Winslow Hastie, chief preservation officer for Historic Charleston Foundation, said he hopes such sites will be preserved and maintained for the public to enjoy.

MaeRe Skinner, a fourth-generation resident of the area, expressed serious concerns about the development, saying: “From a historic and cultural perspective, the development of the Cainhoy Plantation is devastating and will continue to devastate the local communities, the historic properties and the culture of our community.”

Longtime resident and community leader Fred Lincoln lives nearby in the Jack Primus neighborhood. He said that he and Sloan, who have established a relationship over the years, have collaborated to protect several historical assets thus far, including deeding to the community a slave graveyard that sits near the Guggenheim residence.

Sloan also helped restore a former community school, which Lincoln hopes to eventually turn into a museum to honor the community’s history and the generations of slaves who worked the land centuries ago.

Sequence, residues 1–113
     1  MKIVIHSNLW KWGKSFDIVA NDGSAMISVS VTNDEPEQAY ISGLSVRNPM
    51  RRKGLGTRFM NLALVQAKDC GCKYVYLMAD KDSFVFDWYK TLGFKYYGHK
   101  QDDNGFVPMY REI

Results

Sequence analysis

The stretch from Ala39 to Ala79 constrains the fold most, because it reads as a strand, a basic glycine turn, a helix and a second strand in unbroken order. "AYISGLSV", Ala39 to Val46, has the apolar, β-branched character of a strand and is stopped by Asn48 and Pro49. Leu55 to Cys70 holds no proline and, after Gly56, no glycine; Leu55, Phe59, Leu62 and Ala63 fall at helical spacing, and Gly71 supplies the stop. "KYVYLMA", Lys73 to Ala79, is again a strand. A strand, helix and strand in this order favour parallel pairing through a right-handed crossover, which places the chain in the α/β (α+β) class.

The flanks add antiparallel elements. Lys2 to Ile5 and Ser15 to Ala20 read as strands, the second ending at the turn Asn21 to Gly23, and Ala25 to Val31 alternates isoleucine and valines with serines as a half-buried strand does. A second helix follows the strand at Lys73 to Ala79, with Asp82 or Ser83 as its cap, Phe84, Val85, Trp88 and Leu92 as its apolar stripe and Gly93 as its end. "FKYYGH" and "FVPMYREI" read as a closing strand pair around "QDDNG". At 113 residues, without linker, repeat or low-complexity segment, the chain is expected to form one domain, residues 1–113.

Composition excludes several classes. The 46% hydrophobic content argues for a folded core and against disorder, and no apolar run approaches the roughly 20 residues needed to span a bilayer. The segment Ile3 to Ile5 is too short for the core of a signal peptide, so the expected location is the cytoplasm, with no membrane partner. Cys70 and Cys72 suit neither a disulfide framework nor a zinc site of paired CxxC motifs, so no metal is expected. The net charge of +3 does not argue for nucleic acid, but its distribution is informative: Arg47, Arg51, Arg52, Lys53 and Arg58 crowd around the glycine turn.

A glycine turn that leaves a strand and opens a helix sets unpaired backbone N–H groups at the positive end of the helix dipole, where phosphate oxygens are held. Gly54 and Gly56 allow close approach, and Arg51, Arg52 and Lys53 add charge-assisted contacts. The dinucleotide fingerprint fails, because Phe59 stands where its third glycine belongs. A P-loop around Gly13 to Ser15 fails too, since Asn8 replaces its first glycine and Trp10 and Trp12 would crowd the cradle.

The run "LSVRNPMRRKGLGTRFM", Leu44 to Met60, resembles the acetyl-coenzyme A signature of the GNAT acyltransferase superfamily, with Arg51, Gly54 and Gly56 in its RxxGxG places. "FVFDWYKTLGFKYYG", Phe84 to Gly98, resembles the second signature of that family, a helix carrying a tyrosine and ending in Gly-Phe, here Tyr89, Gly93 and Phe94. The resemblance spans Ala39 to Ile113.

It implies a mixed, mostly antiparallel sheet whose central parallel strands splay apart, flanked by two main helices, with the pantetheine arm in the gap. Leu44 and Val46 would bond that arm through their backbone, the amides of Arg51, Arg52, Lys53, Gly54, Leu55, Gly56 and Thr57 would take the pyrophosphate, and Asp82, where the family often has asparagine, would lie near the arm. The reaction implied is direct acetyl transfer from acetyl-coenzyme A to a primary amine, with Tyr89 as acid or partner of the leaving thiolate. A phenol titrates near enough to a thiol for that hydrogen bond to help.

Fred Lincoln, a community leader who lives close to the Cainhoy Plantation, said neighboring residents who live on the Cainhoy Peninsula are excited to have new schools and amenities coming to the area.

As a child, Lincoln walked the 5 miles from his house in the Jack Primus community to his elementary school. He remembers white students waving as their school bus went by, but buses would not pick up black students then.

Outside of school, Lincoln would spend time swimming in a nearby creek and taking a nap under an oak tree along Clements Ferry Road, down which cars rarely drove.

The region has changed drastically since then, as thousands of residents move in and businesses establish operations. The Cainhoy peninsula still has rural land, but industry and residences have popped up in recent years, increasing traffic along Clements Ferry Road.